R was incredibly strict on calories, counting etc. Again, initially I was able to cook for her and my parents bought her food, but once we lived together I didn’t cook for her and I could never do the shopping on my own. Even when giving her list to my parents, it was incredibly detailed so that they bought the exact packet or tin of a particular product – no substitutes tolerated. R would eat small, non-fat amounts often, rather like someone grazing over the course of a day. But I had absolutely no say whatsoever in R’s food. If I’d decided to make her a sandwich for work, I’m fairly certain it would’ve ended up in the bin and she would’ve bought a sandwich from a shop. She used to talk about how the boyfriend of a friend of her’s would surprise her with Spaghetti Bolognese and a bottle of wine if she’d had a bad day at work. If I’d ever tried that, I would have just made her bad day even worse.

7) Was she actively seeking help from professionals, from family, friends etc? Were you involved in any therapy together? How did this affect your relationship? Did her
mindset / behaviour change over the progression of your relationship – relapsing at times of stress and upset, improving when comfortable, happy, etc?

No, not during our relationship.
(Sorry hun, can’t add any more to this :P)

8) Did she have plans for the future, either with / without you? What did she choose to engage in – hobbies, work, relationships other than yours, to keep a “normal” lifestyle? How much were you involved in these aspects of her life?

Our hobbies very much meshed together. Hiking, writing, drinking… that’s basically our five years in a very pithy nutshell. We differed on a few things. R was/is a gym bunny, but I never classed the gym as a hobby, more something she needed to do (despite her constant protestations to the contrary). To me, the gym was an anathema, something people did to avoid the Great Outdoors. R’s work she kept separate from me, but that was genuinely necessary given the sensitivity of her workplace. Neither of us really made plans for the future – neither of us are/were interested in children and marriage. I remained involved in many aspects of her life, but I acknowledged that she was entitled to have friends outside of my sphere.

9) What were the reasons for your breaking up – did her illness have anything to do with it? Were there any particularly “bad episodes” in your time together, related to the illness? Do you still keep in contact with each other? Has her behaviour / mindset changed at all?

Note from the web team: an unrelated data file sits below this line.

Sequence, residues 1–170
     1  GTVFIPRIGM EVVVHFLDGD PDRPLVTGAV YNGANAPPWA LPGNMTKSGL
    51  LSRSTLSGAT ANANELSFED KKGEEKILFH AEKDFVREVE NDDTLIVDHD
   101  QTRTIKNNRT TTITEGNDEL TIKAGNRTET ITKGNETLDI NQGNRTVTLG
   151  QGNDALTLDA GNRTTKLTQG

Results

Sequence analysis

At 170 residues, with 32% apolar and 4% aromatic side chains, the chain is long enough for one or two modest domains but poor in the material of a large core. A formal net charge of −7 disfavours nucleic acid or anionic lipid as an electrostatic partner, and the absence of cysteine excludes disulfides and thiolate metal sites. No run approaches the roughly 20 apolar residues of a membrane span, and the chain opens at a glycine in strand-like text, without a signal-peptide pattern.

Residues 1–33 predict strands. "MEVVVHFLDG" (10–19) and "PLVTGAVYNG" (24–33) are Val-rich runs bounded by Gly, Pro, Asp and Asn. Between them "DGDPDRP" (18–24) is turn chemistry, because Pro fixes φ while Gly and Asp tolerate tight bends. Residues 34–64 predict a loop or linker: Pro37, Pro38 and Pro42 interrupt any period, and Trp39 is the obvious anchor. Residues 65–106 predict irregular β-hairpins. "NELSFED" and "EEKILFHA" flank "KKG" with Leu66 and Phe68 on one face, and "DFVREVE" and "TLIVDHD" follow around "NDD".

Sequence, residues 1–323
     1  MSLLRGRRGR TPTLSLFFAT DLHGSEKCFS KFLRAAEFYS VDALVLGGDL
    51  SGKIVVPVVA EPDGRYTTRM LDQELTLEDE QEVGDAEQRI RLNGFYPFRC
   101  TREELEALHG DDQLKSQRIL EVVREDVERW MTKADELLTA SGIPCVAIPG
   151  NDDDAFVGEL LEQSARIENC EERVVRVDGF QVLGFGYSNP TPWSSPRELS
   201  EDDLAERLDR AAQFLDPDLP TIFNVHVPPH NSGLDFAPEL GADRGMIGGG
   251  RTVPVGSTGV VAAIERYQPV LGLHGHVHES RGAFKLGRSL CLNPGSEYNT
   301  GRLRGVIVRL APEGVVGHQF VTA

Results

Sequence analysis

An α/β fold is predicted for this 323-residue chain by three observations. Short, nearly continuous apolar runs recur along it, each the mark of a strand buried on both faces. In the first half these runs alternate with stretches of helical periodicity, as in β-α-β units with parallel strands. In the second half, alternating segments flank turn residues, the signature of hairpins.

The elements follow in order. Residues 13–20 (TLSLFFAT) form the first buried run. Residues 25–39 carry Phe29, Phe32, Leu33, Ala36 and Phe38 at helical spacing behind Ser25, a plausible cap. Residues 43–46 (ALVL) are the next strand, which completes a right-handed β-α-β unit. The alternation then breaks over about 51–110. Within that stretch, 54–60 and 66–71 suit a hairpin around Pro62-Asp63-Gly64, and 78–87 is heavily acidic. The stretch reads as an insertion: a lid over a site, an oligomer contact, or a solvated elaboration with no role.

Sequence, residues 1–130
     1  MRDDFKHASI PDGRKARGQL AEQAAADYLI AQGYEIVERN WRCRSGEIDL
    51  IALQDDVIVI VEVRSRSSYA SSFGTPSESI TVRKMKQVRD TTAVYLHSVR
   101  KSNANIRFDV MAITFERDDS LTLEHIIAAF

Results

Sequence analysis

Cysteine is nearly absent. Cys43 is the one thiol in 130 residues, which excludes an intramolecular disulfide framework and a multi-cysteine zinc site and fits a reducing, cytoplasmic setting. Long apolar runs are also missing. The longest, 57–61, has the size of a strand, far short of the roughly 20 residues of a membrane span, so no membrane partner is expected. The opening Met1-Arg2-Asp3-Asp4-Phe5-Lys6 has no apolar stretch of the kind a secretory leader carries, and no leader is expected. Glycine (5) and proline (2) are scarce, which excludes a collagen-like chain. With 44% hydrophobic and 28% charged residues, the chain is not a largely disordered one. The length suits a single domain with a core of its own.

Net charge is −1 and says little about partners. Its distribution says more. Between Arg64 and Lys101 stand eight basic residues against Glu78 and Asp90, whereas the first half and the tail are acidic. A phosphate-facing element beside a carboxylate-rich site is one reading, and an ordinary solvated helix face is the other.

We had plenty of bad episodes together. Tears in supermarkets watching her breakdown when trying to buy a frozen pizza, tears when she felt like everything was overcoming her, and a lot of anger as well mixed in.
Our break up was a slow burn that became hot very quickly. As I said before, I don’t think there was a ‘Normal R’ and an ‘Anorexic R’. The two coincided. R, anorexic or not, could be difficult.

We’d had a scare or two beforehand, and our housing situation collapsing had tested us to the limit. The straw that broke the camel’s back and made me realise the relationship was over came about during a conversation where I speculated on spending the rest of the year at a house-share we had only just obtained by the shells of our fingernails (literally, we were hours from being homeless.) R’s response was ‘It doesn’t matter because I won’t be here.’

I analysed that sentence for a few days. Obvious points first – there is no mention of me in this scenario, no acknowledgement of how lucky we were to still have a roof over our heads together, and a general apathetic sentiment. At this point, R’s Anorexic Bassline was overpowering everything. She had been thrown out of her comfort zone – losing her home, possibly her job as well at the time. This would test someone without anorexia, but for someone who desired so much to be in control of her own destiny, and to always have a stable platform, this was all too much turmoil.